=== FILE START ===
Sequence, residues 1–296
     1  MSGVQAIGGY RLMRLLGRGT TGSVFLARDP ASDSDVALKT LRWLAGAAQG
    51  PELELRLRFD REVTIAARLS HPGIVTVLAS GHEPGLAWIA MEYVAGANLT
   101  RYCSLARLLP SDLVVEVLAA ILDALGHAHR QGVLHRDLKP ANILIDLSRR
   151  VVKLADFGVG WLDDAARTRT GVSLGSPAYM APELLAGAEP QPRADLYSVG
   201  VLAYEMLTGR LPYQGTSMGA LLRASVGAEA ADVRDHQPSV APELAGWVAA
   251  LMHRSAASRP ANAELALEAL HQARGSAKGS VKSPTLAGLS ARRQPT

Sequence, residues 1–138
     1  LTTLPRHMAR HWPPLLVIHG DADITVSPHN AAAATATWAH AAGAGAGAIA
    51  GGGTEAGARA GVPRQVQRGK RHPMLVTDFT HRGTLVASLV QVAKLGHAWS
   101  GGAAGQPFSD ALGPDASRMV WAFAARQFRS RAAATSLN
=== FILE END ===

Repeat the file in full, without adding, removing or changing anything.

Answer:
Sequence, residues 1–296
     1  MSGVQAIGGY RLMRLLGRGT TGSVFLARDP ASDSDVALKT LRWLAGAAQG
    51  PELELRLRFD REVTIAARLS HPGIVTVLAS GHEPGLAWIA MEYVAGANLT
   101  RYCSLARLLP SDLVVEVLAA ILDALGHAHR QGVLHRDLKP ANILIDLSRR
   151  VVKLADFGVG WLDDAARTRT GVSLGSPAYM APELLAGAEP QPRADLYSVG
   201  VLAYEMLTGR LPYQGTSMGA LLRASVGAEA ADVRDHQPSV APELAGWVAA
   251  LMHRSAASRP ANAELALEAL HQARGSAKGS VKSPTLAGLS ARRQPT

Sequence, residues 1–138
     1  LTTLPRHMAR HWPPLLVIHG DADITVSPHN AAAATATWAH AAGAGAGAIA
    51  GGGTEAGARA GVPRQVQRGK RHPMLVTDFT HRGTLVASLV QVAKLGHAWS
   101  GGAAGQPFSD ALGPDASRMV WAFAARQFRS RAAATSLN